In a demonstration to an APRT training group in March 1986, Dr. Ronald Jue regressed me into a past life which dealt with a current life problem concerning inappropriate grief. After the breakup of my first marriage I had adjusted and begun to enjoy my freedom as a single person, believing that I would probably never marry again. I had just become comfortable in this set when at a California dinner party arranged by friends, I met Warren, the man who is my current husband.
Warren was then on an around-the world business trip from his home and office in London. As he entered the doors and we were introduced, we each experienced a powerful reaction, an immediate recognition of each other. My thoughts were, “Oh, I know you. I already know you! What a surprise!” My mind became flooded with images of kin and long time family roots. Our rapport was both delightful and immediate.
Warren kept writing and encouraging me to see him again on a subsequent trip from England, but I felt strong ambivalence. I knew that if I were to see him, my whole life would change, and I didn’t feel ready for that! On the other hand, I became aware of a draw that intensified when we did meet. An inner voice said, “I really love this man. I actually love him.”
After this, our relationship developed rapidly, with visits in California and reunions in other parts of the world. Within a year we married, although we both knew that in order to continue his work, Warren would have to be in Europe a good deal of the time while he slowly developed new work in California. I expected to be comfortable with our absences from each other because I valued my opportunities to visit friends and concentrate on my professional work.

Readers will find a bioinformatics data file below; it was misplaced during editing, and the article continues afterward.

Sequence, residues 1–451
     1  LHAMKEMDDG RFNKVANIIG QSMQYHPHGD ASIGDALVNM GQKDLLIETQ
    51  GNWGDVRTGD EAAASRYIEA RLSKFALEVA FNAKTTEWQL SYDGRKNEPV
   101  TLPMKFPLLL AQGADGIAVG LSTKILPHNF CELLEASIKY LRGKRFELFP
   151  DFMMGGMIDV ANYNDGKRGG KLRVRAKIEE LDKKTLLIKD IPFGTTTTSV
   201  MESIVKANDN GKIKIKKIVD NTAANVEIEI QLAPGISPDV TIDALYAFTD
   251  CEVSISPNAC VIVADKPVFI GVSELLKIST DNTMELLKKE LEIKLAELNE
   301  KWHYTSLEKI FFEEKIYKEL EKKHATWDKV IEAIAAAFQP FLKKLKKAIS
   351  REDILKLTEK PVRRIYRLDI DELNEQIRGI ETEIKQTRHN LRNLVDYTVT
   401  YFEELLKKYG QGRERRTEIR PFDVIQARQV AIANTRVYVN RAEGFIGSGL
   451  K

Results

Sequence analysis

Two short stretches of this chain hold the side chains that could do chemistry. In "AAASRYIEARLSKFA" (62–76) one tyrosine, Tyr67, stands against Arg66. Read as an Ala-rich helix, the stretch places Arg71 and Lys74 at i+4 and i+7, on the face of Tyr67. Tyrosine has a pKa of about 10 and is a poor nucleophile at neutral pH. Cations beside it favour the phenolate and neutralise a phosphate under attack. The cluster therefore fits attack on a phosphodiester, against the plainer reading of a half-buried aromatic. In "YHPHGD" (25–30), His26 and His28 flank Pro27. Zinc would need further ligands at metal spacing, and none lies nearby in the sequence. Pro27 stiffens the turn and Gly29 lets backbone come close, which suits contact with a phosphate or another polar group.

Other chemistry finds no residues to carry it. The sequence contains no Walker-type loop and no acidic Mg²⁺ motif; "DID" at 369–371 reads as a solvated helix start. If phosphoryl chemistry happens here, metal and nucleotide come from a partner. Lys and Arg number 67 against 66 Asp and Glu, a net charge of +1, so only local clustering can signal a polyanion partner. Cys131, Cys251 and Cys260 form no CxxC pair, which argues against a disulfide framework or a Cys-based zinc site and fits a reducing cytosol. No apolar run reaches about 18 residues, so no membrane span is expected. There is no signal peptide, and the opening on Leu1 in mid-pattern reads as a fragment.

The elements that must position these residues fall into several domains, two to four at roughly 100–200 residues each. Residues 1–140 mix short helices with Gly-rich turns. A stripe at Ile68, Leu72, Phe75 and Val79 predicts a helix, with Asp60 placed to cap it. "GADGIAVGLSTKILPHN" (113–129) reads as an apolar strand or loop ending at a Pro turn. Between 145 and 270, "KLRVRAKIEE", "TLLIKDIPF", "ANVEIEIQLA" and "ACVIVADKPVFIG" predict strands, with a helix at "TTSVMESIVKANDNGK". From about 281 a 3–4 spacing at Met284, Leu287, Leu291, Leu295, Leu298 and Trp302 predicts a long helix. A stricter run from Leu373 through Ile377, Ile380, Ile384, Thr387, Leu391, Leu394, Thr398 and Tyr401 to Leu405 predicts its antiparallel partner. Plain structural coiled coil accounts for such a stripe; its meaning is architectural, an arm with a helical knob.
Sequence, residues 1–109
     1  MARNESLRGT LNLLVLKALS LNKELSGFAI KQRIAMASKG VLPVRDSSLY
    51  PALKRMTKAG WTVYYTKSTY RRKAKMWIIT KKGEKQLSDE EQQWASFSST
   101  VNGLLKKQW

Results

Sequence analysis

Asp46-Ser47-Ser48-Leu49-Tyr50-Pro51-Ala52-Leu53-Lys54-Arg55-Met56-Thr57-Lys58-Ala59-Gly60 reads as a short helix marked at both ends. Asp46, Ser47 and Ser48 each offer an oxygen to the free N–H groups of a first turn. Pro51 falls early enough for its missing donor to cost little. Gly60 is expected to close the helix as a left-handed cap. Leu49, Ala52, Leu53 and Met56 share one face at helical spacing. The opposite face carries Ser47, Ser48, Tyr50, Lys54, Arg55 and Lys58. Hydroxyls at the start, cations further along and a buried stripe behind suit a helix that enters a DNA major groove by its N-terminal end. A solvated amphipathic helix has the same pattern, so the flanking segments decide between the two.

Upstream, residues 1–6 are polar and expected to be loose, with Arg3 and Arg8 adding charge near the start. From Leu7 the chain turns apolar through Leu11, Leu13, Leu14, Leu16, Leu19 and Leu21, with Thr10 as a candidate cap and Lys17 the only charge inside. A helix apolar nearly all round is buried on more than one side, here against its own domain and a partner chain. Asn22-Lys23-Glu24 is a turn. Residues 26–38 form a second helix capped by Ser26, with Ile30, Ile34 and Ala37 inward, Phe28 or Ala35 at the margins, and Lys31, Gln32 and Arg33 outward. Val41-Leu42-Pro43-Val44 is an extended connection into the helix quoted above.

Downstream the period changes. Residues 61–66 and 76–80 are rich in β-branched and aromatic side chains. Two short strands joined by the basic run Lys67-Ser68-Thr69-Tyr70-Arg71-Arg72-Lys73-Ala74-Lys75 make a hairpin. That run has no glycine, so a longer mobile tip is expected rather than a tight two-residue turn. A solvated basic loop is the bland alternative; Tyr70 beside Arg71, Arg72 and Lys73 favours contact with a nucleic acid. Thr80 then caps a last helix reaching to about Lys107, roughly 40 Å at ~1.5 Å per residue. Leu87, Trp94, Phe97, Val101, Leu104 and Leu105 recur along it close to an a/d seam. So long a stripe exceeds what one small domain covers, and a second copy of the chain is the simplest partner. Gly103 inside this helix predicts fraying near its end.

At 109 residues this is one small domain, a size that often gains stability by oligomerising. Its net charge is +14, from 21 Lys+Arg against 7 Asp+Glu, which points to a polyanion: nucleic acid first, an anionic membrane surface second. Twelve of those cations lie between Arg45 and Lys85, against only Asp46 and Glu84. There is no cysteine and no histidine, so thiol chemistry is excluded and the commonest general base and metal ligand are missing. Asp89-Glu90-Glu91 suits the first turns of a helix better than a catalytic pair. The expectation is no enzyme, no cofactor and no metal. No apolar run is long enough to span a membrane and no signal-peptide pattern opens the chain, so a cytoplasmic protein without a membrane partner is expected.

However, during each of our two-week partings, I began to experience an intense grief that became far deeper and more distressing than I had anticipated. I was amazed at the strength of my feelings of anger, loneliness, grayness, and desolation. I felt that the source of our connectedness was being stretched and pulled wider and wider, and I feared that it would suddenly snap and disappear. This image and these feelings did not mirror the actual contact and emotional support that I received from Warren through our almost daily expressive letters and our nightly telephone calls between California and London. During our two-week periods together the long-term connectedness remained as strong as ever.
I worked therapeutically for some time but my feelings of desolation and despair remained. I had not experienced such reaction in earlier love relationships involving absences, and I wanted to heal this problem so that I could stop suffering and move on more productively with my independent life during our times apart.